I have suggested in previous columns that the
al-Qaeda model of 4GW may be failing for inherent reasons, i.e., for reasons
it cannot fix. "Tom
Ricks's Inbox" in the Oct. 19 Washington Post offers some confirmation
of that assessment. Ricks writes:
"Where did al-Qaeda in Iraq go wrong? In a paper prepared for
the recent annual meeting of the American Political Science Association,
the Australian political scientist Andrew Phillips argues persuasively
that, by their nature, al-Qaeda affiliates tend to alienate their hosts…."
He then quotes Phillips at some length:
"In successive conflicts ranging from Bosnia to Chechnya to Kashmir,
the jihad jet-set has rapidly worn out its welcome among local host populations
as a result of its ideological inflexibility and high-handedness, as well
as its readiness to resort to indiscriminate violence against locals at
the first signs of challenge…. That this pattern has so frequently been
repeated suggests that the underlying causes of al-Qaeda's defeat in Iraq
may transcend the specific circumstances of that conflict. Baldly stated,
the causes of al-Qaeda's defeat in Iraq can be located in its ideological
In my view, the "DNA" to which Phillips refers is the type of people
drawn to al-Qaeda and other Fourth Generation entities modeled on al-Qaeda.
They are mostly religious fanatics of the most extreme varieties, similar to
the Levellers and Diggers of the English Civil War. Regardless of what their
organization's leadership may enjoin, they will treat any locals they regard
as religiously "lax" with severity. They cannot do otherwise without
becoming "impure" themselves. It is useful to remind ourselves where
the word "Puritan" comes from.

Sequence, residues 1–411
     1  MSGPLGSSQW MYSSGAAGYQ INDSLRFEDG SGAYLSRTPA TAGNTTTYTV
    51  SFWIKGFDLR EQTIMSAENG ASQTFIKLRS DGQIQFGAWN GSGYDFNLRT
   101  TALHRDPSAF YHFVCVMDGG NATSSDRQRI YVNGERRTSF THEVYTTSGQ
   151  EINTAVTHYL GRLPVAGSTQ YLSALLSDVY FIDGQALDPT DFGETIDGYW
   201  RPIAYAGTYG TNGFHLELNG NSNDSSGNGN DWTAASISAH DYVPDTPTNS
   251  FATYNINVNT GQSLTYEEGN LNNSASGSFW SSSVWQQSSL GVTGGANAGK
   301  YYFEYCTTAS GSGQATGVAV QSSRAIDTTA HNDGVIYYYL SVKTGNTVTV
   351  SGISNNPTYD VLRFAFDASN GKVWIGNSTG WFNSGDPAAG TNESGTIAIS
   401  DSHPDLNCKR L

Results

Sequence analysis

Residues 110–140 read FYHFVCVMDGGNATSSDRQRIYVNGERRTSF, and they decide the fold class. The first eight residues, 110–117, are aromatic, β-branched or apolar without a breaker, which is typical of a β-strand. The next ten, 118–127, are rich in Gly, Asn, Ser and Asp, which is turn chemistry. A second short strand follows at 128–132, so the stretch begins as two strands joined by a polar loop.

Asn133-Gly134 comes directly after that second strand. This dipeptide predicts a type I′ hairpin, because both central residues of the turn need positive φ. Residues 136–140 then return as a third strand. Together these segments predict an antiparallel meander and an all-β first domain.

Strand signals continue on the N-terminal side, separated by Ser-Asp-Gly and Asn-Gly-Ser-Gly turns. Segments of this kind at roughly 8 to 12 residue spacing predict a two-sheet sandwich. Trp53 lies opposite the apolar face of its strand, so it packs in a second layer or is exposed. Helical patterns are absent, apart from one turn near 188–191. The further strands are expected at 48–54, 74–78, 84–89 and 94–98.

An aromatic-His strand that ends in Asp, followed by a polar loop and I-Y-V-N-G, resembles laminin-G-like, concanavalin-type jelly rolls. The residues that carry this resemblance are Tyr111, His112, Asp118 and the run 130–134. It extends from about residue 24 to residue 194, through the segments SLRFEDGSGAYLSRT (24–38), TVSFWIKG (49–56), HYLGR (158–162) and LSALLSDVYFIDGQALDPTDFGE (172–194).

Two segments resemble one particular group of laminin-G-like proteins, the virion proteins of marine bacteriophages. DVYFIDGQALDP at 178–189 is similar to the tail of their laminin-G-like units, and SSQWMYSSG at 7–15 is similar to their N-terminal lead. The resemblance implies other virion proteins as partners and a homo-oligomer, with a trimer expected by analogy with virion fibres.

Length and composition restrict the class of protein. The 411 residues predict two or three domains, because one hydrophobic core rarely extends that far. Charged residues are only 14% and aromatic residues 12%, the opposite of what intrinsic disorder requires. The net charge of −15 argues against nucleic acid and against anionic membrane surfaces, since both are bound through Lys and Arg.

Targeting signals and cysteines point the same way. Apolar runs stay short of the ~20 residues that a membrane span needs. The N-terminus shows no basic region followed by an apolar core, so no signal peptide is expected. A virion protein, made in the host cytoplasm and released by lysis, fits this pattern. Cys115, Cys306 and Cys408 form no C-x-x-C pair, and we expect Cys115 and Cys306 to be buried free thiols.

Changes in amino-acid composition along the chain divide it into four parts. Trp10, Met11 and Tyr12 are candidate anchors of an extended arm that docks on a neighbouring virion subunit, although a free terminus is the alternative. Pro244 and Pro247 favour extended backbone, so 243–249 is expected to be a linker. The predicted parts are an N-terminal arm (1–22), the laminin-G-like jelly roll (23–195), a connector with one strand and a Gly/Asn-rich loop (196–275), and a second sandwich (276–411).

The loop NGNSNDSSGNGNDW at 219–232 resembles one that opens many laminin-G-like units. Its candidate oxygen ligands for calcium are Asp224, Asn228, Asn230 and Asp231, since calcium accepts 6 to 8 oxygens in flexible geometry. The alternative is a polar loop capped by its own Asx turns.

A failure of the al-Qaeda model, while welcome, does not imply any weakening
of the impulse toward Fourth Generation war. On the contrary, it represents
its evolution. 4GW is something new in the post-Westphalian world, and it is
likely to go through many cycles of innovation, failure, learning, and adaptation
as it evolves. I expect that evolution to play out over the course of the 21st
century and beyond.
What does the prospective failure of the al-Qaeda model mean for other
current models? The Taliban model would seem to share al-Qaeda's DNA. When
they were in power in Afghanistan, the Taliban also imposed a Puritanism that
overrode local cultural norms and thereby alienated much of the population.
However, the Taliban also left power with several assets on its balance sheet,
assets it continues to draw on. It represented Pashtun dominance of Afghanistan,
something all Pashtun regard as natural and necessary (the Karzai regime's
origins are Uzbek and Tajik). Like a state, it brought order. It reduced corruption,
now out of control, to locally acceptable levels. And while actually a creation
of Pakistan's ISI, the Taliban successfully presented themselves as something
homegrown, which the Karzai government will never be able to do. In terms of
the all-important quality of legitimacy, Robespierre always trumps Vichy.
Beyond Afghanistan, the Fourth Generation future belongs neither to al-Qaeda
nor to the Taliban but to two more sophisticated models, Hezbollah and the
Latin American drug gangs. Both can fight, but fighting is not primarily what
they are about. Rather, both are about benefiting their members with money,
services, community, identity, and, strange as it may sound, what passes locally
for good government. Even the drug gangs' governance is often less corrupt
than that of the local state.
Both of these 4GW models can fall into the fatal error of alienating the local
population, but the tendency is not inherent. While Hezbollah is religiously
defined, it seems to appeal well beyond the Puritans, which means it can give
orders Puritans will not obey. The drug gangs' principal faith is in making
money, and few faiths are more broadly latitudinarian.
Andrew Phillips adds to his analysis the prudent warning that "Al-Qaeda
may have lost Iraq, but this is no way implies that America and its allies
have won." In Iraq as elsewhere, the fading of the al-Qaeda model is being
balanced not by the rise of a new state but by the adoption of other models
of 4GW. So far, as best I can determine, no foreign intervention in a Fourth
Generation conflict has succeeded is re-creating a real state (you can add
Ethiopia in Somalia to the long list of failures).
Do intervening foreign forces, like al-Qaeda, have DNA that preordains failure?
The answer, while not final, seems to be pointing toward the affirmative.